Jack Cohen (businessman)
Early and private life
Cohen was born in the city of London and grew up in Whitechapel. His family was Jewish: his father, Avroam Kohen, was a Polish immigrant (from Łódź, City in central part of Poland) who worked as a tailor, and his mother was Sime Zamremba. He was named Jacob Edward Kohen, but was known as Jack from an early age.  He was educated at the London County Council elementary school on Rutland Street until he was aged 14 and then began his working life as an apprentice tailor to his father. His mother died in 1915 and his father remarried. He became estranged from his father after an argument about his career choice as a grocer. 
In 1917, he volunteered to join the Royal Flying Corps where he used his tailoring skills as a canvas maker for balloons and other aircraft. He served in France, and also in Egypt and Palestine. He was on board a ship that was sunk by a mine outside Alexandria in 1917. He returned to England after contracting malaria, and was demobilised in 1919.
He married Sarah (Cissie) Fox, daughter of an immigrant Russian-Jewish tailor, in 1924.  Cissie was a great supporter of her husband's business interests, so much so that the money they received as wedding gifts was invested in a wholesale venture. They had two daughters, Sybil Irene born 1926 and Shirley born 1930. Irene married Hyman Kreitman (1926–2005) and Shirley married Leslie Porter (1920–2005).
Cohen was reluctant to return to tailoring after the First World War, and he established himself as a market stall holder in Hackney, in London's East End by purchasing surplus NAAFI stock with his £30 demob money. He soon became the owner of a number of market stalls, and started a wholesale business. Initially the other stalls were run by members of the family but gradually non-family members were added. Cohen and his wife worked 7 days a week, starting at dawn and counting money until late. At each market the traders would gather and, at a signal they would race to their favoured pitch. Cohen could not run fast so he simply threw his cap at the spot and this could beat anyone.
In 1924, he created the Tesco brand name from the initials of a tea supplier, T. E. Stockwell (formerly Messrs Torring and Stockwell of Mincing Lane), and the first two letters of his surname. The market trading business became difficult to expand because partners tended to be unreliable so eventually he changed to high street shops without doors, looking and sounding as far as possible like market stalls. The first two Tesco stores opened at Becontree and Burnt Oak in 1931. By 1939, Cohen owned a hundred Tesco stores. His expansion was helped by the growth of new shopping centres. Retailers are often reluctant to be the first to sign a contract in a new centre lest they become the only ones. With his market experience and courage, Cohen was often the one to take that risk and he had ways of drawing a crowd. Developers became keen to help him with his start-up costs because of his ability to get people into a new centre, with benefit to the other shops.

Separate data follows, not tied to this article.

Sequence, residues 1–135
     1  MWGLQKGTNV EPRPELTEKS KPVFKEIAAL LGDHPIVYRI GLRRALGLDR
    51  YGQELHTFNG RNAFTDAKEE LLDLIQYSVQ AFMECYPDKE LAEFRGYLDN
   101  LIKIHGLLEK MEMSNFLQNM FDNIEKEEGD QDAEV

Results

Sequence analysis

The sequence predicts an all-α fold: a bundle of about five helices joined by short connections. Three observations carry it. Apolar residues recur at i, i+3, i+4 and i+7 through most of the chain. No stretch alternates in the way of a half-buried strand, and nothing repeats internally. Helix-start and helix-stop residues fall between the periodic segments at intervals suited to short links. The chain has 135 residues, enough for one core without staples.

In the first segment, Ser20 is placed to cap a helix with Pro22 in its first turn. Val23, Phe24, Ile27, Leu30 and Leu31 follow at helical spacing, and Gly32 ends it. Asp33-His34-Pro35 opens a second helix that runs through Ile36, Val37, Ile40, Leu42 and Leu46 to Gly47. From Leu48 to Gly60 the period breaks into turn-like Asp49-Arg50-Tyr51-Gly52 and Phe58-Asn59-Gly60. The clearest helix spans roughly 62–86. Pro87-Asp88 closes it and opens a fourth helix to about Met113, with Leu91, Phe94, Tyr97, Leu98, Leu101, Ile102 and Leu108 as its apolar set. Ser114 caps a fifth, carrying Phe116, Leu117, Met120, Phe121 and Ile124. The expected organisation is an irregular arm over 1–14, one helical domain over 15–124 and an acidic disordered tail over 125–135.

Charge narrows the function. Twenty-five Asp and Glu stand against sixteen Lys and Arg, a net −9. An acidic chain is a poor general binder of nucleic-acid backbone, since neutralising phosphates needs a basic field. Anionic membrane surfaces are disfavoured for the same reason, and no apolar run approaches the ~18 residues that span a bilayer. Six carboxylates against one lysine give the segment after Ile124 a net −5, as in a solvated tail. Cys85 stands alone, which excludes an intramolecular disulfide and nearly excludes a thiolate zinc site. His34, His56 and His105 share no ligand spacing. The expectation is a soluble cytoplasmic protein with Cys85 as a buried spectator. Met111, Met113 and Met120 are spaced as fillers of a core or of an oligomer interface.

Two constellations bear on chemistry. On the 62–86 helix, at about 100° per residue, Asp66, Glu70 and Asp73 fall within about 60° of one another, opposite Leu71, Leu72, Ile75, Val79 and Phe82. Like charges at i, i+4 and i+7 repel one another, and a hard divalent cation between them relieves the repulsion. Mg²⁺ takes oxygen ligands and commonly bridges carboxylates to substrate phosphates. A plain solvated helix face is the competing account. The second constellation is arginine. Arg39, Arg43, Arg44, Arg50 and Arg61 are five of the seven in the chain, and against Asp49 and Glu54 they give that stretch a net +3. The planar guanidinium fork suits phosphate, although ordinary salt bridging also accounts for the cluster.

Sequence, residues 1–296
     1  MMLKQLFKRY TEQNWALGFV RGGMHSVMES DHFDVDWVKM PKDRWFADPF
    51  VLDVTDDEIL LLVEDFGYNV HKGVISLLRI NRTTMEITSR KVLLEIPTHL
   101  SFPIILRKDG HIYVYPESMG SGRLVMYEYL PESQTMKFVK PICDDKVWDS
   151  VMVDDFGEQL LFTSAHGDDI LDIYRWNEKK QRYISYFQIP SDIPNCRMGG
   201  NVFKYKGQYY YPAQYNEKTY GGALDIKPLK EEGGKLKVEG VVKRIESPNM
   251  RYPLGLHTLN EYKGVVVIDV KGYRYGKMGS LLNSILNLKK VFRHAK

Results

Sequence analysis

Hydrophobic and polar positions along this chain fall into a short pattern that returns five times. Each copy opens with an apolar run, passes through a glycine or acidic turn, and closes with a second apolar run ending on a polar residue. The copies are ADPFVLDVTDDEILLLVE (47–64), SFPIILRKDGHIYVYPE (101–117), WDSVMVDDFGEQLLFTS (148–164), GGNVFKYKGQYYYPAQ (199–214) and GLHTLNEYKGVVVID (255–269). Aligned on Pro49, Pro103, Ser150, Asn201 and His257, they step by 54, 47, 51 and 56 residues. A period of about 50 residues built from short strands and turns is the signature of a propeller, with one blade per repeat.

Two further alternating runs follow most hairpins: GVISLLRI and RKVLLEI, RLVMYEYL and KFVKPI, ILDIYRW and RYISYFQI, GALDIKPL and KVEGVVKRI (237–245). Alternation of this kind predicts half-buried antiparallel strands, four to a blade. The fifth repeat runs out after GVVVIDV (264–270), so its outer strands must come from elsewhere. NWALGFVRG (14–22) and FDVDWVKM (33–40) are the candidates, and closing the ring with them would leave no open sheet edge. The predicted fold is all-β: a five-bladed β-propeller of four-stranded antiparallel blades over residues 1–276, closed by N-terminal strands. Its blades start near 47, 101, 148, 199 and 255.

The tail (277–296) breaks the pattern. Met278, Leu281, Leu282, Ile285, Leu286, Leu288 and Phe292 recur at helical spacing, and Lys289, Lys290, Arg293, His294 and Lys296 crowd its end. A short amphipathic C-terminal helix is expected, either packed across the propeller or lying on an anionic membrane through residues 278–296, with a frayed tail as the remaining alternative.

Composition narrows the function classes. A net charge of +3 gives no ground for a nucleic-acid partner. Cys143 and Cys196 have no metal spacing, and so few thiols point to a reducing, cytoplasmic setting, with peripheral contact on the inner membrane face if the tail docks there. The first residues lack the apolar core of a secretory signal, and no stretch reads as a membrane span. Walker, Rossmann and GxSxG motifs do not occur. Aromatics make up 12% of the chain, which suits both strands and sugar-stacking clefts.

Sometime around 1930 he changed his name by deed poll to John Edward at the suggestion of his bank manager, whose staff had trouble distinguishing between the many Jacob Cohens banking at the Mare Street branch of the Midland Bank in Hackney.
In 1932, having opened his first Tesco-named shops, Cohen travelled to the United States to review their self-service supermarkets. At the time he was not impressed and felt they would never be accepted in the UK. After the war he took another look and listened to his son-in-law Hyman Kreitman, who was very keen. He opened one of the first British supermarkets. The new strategy was led by Kreitman who understood how to manage this new style of shop and the crucial tasks of mass buying, selling and logistics. Tesco grew strongly. It gradually drew ahead of its rivals and took over many of them.
He expanded the company by take-overs and mergers, making it the fourth largest chain in the United Kingdom by 1968 (behind Co-op, Fine Fare, and Allied Suppliers). He campaigned against retail price maintenance, tackled in the second half of the 1960s by the Resale Prices Act 1964, and was a leading instigator of the Green Shield trading stamps scheme in 1963.
- P. M. Oppenheimer, ‘Cohen, Sir John Edward (1898–1979)’, rev. Oxford Dictionary of National Biography, Oxford University Press, 2004; online edn, January 2009 accessed 23 September 2013 Cite error: Invalid
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